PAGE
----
For the 1st year High School Students
1. The student will be able to identify the
different equipments in billiard.
2. The students will be able to enumerate
the different rules in billiard.
3. The student will be able to perform the
stance in billiard.
What is Billiard?
Cuesports (sometimes written cue sports),
also known as billiard sports, are a wide
variety of games of skill generally played
with a cue stick which is used to strike
billiard balls, moving them around a cloth-
covered billiards table bounded by rubber
What are the equipments in
The equipments are:
There are many sizes and styles of pool and
billiard tables . Generally, tables are
rectangles twice as long as they are wide
The cloth of the billiard table has traditionally been
green, reflecting its origin (originally the grass of
ancestral lawn games), and has been so colored
since the 16th century, but it is also produced in
other colors such as red and blue.
A rack is the name given to a frame
(usually wood, plastic or aluminum) used
to organize billiard balls at the beginning
of a game. This is traditionally triangular
in shape, but varies with the type of
billiards played. There are two main types
of racks; the more common triangular
shape which is used for eight-ball and
straight pool and the diamond shaped
rack used for nine-ball.
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Billiards games are mostly played with
a stick known as a cue. A cue is usually
either a one piece tapered stick or a two
piece stick divided in the middle by a joint
of metal or phenolic resin. High quality
cues are generally two pieces and are
made of a hardwood, generally maple for
billiards and ash for snooker.
Chalk is applied to the tip of the cue stick, ideally
before every shot, to increase the tip's friction
coefficient so that when it impacts the cue ball on a
non-center hit, no miscue (unintentional slippage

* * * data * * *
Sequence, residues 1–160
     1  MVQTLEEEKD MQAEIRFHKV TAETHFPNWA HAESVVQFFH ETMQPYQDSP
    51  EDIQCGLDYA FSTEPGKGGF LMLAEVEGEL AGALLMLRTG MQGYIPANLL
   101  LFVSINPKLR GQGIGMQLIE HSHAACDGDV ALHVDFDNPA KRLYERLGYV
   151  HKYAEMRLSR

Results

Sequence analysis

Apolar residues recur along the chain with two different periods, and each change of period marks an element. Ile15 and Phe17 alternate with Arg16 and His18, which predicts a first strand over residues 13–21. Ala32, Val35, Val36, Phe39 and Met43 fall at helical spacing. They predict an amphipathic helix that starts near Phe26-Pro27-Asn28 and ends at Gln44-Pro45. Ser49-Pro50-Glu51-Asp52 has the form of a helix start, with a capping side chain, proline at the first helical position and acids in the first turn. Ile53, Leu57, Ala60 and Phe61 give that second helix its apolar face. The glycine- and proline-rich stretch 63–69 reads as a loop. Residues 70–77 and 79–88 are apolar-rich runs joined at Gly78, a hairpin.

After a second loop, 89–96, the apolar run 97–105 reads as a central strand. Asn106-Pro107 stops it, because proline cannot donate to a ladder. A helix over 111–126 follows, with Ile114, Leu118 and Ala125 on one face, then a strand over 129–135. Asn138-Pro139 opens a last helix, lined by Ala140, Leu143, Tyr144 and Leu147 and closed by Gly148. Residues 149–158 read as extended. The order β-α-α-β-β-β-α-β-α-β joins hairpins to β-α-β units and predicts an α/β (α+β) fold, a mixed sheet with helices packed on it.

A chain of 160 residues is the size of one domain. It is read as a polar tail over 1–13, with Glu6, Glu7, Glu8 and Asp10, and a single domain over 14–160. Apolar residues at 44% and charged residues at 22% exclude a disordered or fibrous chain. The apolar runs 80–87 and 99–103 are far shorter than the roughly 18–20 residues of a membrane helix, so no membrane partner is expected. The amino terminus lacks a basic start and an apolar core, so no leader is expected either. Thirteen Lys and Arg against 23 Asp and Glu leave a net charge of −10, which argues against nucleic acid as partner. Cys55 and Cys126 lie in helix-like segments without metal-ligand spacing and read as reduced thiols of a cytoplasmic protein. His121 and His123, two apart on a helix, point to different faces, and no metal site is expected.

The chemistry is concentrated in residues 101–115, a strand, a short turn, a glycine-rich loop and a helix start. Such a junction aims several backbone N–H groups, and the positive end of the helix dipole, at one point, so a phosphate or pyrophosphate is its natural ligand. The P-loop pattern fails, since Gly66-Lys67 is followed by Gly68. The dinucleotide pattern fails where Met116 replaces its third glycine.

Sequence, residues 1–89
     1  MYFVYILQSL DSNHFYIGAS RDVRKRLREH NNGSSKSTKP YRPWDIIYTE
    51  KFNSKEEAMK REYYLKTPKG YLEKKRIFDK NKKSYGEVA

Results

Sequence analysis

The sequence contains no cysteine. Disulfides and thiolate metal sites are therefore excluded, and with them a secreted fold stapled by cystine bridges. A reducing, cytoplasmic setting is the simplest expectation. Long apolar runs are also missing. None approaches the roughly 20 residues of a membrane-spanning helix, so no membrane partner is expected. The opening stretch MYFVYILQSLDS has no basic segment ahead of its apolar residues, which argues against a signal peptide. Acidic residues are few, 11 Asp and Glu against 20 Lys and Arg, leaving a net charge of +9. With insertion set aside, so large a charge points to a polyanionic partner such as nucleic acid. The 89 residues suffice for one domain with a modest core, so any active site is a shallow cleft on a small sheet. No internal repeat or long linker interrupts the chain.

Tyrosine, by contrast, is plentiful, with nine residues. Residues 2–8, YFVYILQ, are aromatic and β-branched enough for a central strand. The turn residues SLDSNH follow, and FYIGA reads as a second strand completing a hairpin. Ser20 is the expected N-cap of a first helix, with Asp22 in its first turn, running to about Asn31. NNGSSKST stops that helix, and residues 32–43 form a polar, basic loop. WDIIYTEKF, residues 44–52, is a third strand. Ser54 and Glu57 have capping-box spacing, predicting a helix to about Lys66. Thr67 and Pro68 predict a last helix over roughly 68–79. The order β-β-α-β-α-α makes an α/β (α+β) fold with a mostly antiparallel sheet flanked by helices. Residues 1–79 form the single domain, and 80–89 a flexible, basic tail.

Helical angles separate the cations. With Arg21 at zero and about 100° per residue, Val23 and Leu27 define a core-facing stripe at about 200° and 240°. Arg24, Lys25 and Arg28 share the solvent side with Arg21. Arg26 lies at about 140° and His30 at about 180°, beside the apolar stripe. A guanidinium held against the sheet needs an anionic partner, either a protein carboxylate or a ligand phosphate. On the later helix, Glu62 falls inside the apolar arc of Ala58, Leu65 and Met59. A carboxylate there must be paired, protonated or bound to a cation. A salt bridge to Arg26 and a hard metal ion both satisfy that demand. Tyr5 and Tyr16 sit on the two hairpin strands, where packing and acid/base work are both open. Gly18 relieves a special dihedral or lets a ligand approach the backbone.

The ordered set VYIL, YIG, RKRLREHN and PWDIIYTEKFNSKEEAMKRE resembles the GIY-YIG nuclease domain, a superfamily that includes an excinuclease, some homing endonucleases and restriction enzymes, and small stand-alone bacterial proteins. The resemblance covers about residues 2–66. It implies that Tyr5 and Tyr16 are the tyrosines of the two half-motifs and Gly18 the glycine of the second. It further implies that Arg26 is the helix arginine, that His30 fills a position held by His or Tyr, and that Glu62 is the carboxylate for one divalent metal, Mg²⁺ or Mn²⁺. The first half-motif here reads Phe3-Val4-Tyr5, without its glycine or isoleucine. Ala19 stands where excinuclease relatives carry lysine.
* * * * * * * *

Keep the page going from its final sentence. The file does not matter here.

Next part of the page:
between the cue tip and the struck ball) occurs.
Billiard balls have been made from many
different materials since the start of the
game, including clay, bakelite , celluloid,
crystallite, ivory, plastic, steivoel and wood .
The two stance tecniques of
The different stance: Next
A snooker stance is all about being flat
on the table and square on and off-
centered behind the shot. It is an off-
A side-on stance is the opposite of the
snooker stance in the way the body is
positioned side-on and centered to the
line of shot, instead of square on and off-
centered. It can be as flat on the table as
a snooker stance, or it can be more
elevated, with the head positioned off the
What are the rules?
Rules in Billiard
OBJECT OF THE GAME.
RACKING THE BALLS.
LEGAL BREAK SHOT.
OBJECT BALLS JUMPED OFF THE TABLE
JUMP AND MASSE SHOT FOUL
THREE CONSECUTIVE FOULS
END OF GAME
These are the rules:
Among the sports equipment given, which
of these does not belong to billiard?
a. cloth c. racquet
b. rack d. chalk
Billiard games are mostly played using a
stick known as a cue.
a. True b. False
Chalk is applied to the tip of the cue stick.
a. True b. False
There are three stance in playing billiard;
snooker stance and side-on stance.
a. True b. False
There are six equipments in billiard
namely; cloth, chalk, cues, rack, billiard
table, and billiard balls.
a. True b. False
A game starts as soon as the cue ball
crosses over the head string on the
opening break. The 1-ball must be legally
contacted on the break shot. The game
ends at the end of a legal shot which
pockets the 9-ball; or when a player
forfeits the game as the result of a foul.
If a player fouls three consecutive
times on three successive shots without
making an intervening legal shot, he loses
the game. The three fouls must occur in
one game. The warning must be given
between the second and third fouls.
If a match is not refereed, it will be
considered a cue ball foul if during an
attempt to jump, curve or masse the cue
ball over or around an impeding
numbered ball, the impeding ball moves
(regardless of whether it was moved by a
hand, cue stick follow-through or bridge).
An unpocketed ball is considered to be